The OP's question was like asking whether he should choose to visit Iran or Iraq.  Both are horribly dangerous choices, and I warned him against either.  You chastise me for not picking a side and instead warning him.  I cannot bring myself to tell someone he should choose Charlotte over Pace, just as I couldn't tell someone that visiting Iraq is better than visiting Iran.  Both choices are stupid.  This is a forum, and he came here for advice.  He received some real world advice.  Are you out there fighting for jobs right now?  Have you experienced, first hand, the horribly flooded legal market?  From the looks of your post, you are in law school (and feeling smarter every day!), and really have no experience to bring to the table. So, have fun hanging your shingle when you realize that when you have no real world experience in this market, your degree is worth s**t.

if it pleases the court

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Re: Charlotte School of Law v. Pace Law School
« Reply #13 on: October 02, 2011, 07:07:04 PM »
I will hang a shingle if that is what is takes to survive. It is extremely rude of you to come to a law students forum and try to discourage others from attending law school. A career in law is very realistic way to make a living. There are obviously lawyers who are not happy with job market. There are doctors, professors, engineers, accountants and business executives who are also not happy with the job market. Your message has always been that its better to take a four year degree into a bad job market, instead a taking a JD (unless it is from a T20) into an equally bad job market because there is an extra burden of repaying student loans. I disagree with you and I have plenty of real world business experience, statistics, and instinct to support my answer. The JD degree is by far the better option, and I am not going to simply sit back and watch you "warn" others from continuing their education. It is time for you to make a positive contribution to society, starting with how you interact with the law students in this forum. I want to see you encouraging others to succeed in earning their JD's, as well as sharing with us the optimism you have for your own career outlook. If you do these things then good things will happen in your career. If you do not, then I feel sorry for you because your negativity and anger has made you inconsolable.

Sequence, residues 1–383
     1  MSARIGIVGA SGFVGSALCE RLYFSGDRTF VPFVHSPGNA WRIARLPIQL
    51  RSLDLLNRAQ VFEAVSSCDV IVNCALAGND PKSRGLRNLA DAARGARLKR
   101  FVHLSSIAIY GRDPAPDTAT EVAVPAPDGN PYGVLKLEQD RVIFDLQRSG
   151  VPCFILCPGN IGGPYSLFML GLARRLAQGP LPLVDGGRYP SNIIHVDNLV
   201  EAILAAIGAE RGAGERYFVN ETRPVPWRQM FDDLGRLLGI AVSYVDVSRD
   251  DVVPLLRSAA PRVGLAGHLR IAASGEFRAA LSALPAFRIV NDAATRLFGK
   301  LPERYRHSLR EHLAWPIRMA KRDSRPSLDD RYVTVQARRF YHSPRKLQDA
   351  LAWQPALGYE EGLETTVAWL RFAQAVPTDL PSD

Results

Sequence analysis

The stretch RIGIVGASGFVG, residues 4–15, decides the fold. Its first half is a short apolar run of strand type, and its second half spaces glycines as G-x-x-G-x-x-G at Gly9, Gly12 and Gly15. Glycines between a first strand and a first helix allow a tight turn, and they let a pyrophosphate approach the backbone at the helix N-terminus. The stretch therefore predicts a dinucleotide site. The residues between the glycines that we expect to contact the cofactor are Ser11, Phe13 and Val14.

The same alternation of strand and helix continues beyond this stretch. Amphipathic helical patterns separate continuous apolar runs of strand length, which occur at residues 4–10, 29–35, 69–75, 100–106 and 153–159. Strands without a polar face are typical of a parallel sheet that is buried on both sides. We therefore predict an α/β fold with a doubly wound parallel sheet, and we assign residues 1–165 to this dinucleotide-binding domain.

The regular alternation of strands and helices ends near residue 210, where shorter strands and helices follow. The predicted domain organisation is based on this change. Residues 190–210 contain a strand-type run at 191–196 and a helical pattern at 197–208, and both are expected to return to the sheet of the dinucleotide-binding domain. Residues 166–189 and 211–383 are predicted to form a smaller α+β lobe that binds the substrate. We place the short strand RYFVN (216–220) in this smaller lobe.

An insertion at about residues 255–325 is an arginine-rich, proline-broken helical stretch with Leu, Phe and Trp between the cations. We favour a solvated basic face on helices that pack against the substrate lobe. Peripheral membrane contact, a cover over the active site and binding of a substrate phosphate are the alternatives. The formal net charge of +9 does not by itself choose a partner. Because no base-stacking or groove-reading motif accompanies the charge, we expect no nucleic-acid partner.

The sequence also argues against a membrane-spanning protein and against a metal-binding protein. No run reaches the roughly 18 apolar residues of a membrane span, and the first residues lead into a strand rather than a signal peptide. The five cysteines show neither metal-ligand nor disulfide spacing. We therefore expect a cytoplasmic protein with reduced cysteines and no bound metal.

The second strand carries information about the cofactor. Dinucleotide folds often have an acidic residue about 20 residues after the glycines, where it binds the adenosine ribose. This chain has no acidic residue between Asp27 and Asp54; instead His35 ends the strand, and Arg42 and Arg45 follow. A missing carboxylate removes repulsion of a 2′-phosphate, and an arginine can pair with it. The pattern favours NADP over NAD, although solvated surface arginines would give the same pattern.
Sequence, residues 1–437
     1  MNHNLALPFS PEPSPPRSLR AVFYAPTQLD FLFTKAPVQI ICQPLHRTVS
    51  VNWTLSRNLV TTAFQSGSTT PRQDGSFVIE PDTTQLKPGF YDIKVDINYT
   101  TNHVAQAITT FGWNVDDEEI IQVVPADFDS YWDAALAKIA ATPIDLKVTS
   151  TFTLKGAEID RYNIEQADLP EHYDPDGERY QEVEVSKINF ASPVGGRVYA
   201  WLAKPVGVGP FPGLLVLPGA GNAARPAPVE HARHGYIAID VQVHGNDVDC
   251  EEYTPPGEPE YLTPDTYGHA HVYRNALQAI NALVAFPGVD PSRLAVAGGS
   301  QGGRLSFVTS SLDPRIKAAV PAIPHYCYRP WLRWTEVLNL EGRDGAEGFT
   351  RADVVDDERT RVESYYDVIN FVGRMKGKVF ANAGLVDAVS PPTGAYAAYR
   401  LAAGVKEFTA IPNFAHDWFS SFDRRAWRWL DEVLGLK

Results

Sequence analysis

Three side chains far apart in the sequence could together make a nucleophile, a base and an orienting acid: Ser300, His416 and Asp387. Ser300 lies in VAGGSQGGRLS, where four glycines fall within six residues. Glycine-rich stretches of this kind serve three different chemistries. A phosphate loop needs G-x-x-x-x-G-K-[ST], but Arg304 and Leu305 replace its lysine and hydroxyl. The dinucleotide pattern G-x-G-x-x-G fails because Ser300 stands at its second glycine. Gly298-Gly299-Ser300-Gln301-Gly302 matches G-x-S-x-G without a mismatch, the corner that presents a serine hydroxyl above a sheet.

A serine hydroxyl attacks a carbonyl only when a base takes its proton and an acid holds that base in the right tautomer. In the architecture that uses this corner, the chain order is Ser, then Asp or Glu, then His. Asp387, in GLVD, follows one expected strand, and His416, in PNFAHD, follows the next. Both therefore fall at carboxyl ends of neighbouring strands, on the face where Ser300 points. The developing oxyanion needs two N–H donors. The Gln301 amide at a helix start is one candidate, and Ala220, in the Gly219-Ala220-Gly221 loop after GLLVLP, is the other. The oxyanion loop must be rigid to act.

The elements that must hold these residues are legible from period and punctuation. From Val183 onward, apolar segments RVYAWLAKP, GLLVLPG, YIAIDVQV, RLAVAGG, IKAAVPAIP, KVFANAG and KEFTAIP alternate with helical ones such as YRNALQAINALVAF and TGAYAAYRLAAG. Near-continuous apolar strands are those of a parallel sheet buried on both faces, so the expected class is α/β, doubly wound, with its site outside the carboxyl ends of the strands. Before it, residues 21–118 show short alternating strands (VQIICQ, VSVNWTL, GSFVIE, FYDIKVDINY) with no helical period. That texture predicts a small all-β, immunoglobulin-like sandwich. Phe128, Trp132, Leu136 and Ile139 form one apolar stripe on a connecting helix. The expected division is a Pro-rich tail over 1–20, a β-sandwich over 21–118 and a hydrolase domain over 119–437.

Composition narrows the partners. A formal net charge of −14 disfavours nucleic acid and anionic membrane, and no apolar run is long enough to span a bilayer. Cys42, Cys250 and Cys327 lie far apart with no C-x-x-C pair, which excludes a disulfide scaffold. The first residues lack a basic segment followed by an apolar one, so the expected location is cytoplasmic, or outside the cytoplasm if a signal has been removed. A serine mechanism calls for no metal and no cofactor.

fortook

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Re: Charlotte School of Law v. Pace Law School
« Reply #14 on: October 02, 2011, 08:43:59 PM »
Ha, WWJD.  WWJD.
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bigs5068

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Re: Charlotte School of Law v. Pace Law School
« Reply #15 on: October 02, 2011, 10:23:12 PM »
There will always be naysayers and those who complain and say you can't and nobody can, but you just have to move on. Sounds like you have a good attitude and hopefully it works out, but it might not.  Attacking people who complain about how everything is will get you nowhere let them mope and tell everybody how awful things are.